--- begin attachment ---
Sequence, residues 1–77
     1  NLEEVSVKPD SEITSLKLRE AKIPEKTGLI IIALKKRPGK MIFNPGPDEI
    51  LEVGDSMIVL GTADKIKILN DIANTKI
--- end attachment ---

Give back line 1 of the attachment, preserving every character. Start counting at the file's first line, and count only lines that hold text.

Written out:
Sequence, residues 1–77